After a slow first five months, I'm back to blogging in earnest. In the forthcoming few months I plan to keep on tracking the blooming of wildflowers, the activities of bugs and reptiles and any other critters I'm quick enough or lucky enough to photograph, and to comment on ecological relationships. Since there is an increasing sense of ecological crisis among many people and more vigorous denial of such on the part of others, I will inevitably comment on the social and political dimensions of survival as I see them.
I am still an adjunct instructor in the English Department at Feather River College, but time permitting, I am available for hire as a nature guide in the region in and around Plumas County. A brochure describing my usual kinds of natural history adventures is in development. Email me c/o firstname.lastname@example.org with your mailing address and a statement of interests, and I'll send you a rough draft.
I have been teaching since 1965 and have recently joined the English Department as an Associate Faculty member at Feather River College. Recently taught Nature Literature in America and am currently teaching Interpersonal Communication and Basic Reading and Writing.
A week ago after work I went out toward Oakland Camp to check on the status of the Mountain Lady Slippers. See the top photo in the blog of May 5. I saw several of the plants with no buds yet. Yesterday, I went to the same spot and Voila! Blossoms. They are not yet fully open, but certainly identifiable as the flowers of the Mountain Ladyslipper. I had n't even gotten around to posting all of the photos of other species that I took on that trip last week. But these new blossoms were so exciting, I decided to jump ahead. Also, just a few feet away from the Ladyslippers were dozens of
specimens of the Spotted Coralroot, another orchid, in full bloom. I hadn't noticed even small shoots last week. The soil temperature and moisture must be ideal, because things are happening fast. Also, every time I turn around I see another species blooming for the first time. Western Dog Violet, Scarlet Fritillary, various species of Ranunculus (buttercups), a few Stickseed (Forget-me-nots), among others. My favorite photos from yesterday's outing was the newly blooming Lemmon's Wild Ginger. Tomorrow morning I'll start catching up wth the photos from both outings, May 5 and May 12. Remember, you may click on any photos in the blog for enlarged views.
During the past few weeks, the bridge over Spanish Creek that leads to Oakland Feather River Camp has been covered by rushing water. A short distance past said bridge is where the Mountain Lady Slipper may be found around this time of year. I've been going nuts waiting for the water to recede. Finally, yesterday I drove out there with my camera and found the bridge surface to be dry. However, there was still fast-moving water covering a stretch of pavement beyond the bridge. It looked like it was only six to eight inches deep, so I chanced it. Then my Spring began. I was delighted to find that the Mountain Lady Slippers (above) were around a foot tall, but had not yet produced buds. That means I probably have a couple of weeks during which I can notify my naturalist friends, such as my friend and mentor Rex Burress, that the "lady slippers are coming." There's also an orchid enthusiast in France awaiting contact from me on the status of these beauties as he hopes to visit during their bloom.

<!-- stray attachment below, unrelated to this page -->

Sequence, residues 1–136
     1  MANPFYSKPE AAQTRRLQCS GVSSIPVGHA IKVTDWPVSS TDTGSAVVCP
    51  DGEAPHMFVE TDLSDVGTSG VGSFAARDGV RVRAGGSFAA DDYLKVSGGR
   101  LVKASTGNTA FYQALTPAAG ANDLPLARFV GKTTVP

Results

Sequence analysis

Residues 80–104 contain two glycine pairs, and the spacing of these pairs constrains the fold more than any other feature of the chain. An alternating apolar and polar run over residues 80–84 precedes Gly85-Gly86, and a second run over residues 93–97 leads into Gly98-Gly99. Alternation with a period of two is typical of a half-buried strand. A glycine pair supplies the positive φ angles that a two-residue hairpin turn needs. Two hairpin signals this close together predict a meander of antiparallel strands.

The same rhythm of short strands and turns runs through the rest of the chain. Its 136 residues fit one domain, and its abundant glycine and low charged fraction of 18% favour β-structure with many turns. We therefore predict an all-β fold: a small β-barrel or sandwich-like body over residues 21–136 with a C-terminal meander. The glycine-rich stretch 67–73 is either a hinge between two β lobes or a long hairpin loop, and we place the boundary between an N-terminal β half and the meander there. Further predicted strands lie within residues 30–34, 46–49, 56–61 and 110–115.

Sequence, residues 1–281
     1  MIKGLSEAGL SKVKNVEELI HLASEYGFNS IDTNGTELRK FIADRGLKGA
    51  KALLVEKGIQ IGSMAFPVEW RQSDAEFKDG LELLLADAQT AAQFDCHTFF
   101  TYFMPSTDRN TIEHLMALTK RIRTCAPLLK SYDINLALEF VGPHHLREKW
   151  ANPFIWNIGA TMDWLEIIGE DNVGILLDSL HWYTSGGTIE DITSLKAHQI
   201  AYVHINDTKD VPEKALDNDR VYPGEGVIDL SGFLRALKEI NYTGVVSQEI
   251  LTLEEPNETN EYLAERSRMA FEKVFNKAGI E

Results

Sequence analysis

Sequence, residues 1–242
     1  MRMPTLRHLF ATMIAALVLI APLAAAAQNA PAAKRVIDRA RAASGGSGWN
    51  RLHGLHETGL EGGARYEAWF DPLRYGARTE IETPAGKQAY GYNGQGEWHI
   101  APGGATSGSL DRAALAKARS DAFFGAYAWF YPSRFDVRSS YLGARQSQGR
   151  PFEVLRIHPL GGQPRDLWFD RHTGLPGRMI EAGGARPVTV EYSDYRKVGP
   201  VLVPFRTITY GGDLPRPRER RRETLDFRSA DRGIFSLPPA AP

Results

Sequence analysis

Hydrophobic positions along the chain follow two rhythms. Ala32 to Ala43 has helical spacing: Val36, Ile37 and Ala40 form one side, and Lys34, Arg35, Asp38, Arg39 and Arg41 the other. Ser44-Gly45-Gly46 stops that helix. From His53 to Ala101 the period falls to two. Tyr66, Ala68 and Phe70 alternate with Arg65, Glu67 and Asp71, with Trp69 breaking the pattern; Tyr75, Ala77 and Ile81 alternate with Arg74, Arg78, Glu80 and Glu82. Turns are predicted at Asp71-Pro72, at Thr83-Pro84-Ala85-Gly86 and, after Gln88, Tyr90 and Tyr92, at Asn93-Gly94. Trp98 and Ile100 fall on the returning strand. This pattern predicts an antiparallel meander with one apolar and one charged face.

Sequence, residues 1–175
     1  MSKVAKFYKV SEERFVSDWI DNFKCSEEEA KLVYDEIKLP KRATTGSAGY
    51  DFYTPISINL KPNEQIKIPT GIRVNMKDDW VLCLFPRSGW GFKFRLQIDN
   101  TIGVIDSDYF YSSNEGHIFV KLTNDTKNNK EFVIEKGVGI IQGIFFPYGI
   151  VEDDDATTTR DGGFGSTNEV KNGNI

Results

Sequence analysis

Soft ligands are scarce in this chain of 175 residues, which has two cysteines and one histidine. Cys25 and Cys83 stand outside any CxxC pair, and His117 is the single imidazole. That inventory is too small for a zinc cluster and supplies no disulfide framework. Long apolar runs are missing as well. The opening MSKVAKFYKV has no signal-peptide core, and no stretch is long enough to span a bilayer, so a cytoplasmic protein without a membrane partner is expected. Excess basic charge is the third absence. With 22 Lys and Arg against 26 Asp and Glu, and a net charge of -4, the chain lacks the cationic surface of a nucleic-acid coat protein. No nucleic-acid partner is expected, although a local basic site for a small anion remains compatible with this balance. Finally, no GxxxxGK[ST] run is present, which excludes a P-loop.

I continued toward the camp and found a few other species blooming. I'll post a few here today, and more over the weekend. This Checker Bloom (above) was the only one I saw, and it was well hidden under the shade of leaves of the Arrow-Leaf Balsamroot (coming in my next post).
The Miner's Lettuce are blooming in abundance, but I was pressed for time so I recorded as above, but it's not a great photograph. Hopefully, I'll do better over the weekend.
In the nostalgia department, I saw this great face in the bak of a large Ponderosa Pine, whom my friend Rex calls "Walter" in honor of a deceased naturalist friend. The face is still intact, and I am fond of the moment Rex introduced me to him around 10 years ago when he came up to Quincy to see the orchids. Below is a view of the tree which is a major landmark to us naturalists.
Finally, I tipped over a flat rock around a foot in diameter, and typical of my luck in early Spring, I found a beautiful Jerusalem Cricket.
The most amazing thing about my day is that when I got home I found Rex's most recent essay which just happened to be about this very area and reminisced about the time we viewed the lady slippers together. In sum, I was reminded of some great writing - Henry David Thoreau's last to be published - Faith in a Seed. After around five years of drought, then our recent wet winter, I am reminded to always have faith in a seed. Thoreau said something along the lines of "show me you have a seed there, and I will expect miracles."